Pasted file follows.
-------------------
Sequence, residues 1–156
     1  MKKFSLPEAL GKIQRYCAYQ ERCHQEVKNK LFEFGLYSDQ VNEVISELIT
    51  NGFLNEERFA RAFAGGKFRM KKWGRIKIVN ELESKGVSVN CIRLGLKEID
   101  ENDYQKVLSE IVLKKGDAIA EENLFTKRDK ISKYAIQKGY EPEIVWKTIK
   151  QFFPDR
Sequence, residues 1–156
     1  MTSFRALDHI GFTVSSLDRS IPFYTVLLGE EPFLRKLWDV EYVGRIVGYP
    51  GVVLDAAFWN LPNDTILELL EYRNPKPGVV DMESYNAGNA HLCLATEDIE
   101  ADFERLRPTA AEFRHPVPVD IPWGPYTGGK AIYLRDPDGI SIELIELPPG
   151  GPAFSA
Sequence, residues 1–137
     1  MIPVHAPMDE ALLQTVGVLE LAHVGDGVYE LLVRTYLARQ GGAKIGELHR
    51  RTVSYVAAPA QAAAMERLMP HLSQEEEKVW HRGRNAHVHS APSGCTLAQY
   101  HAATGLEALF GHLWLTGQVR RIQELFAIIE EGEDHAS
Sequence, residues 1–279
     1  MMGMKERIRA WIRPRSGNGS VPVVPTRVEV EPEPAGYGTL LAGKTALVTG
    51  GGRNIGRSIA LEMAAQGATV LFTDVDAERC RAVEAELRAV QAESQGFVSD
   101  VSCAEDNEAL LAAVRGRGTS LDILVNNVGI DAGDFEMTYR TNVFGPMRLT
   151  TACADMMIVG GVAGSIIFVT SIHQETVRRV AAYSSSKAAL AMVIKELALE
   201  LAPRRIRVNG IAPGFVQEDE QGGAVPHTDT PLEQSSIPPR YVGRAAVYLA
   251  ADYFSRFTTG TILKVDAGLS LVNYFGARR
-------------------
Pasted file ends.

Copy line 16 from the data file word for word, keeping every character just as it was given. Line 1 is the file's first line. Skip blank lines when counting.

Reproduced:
     1  MMGMKERIRA WIRPRSGNGS VPVVPTRVEV EPEPAGYGTL LAGKTALVTG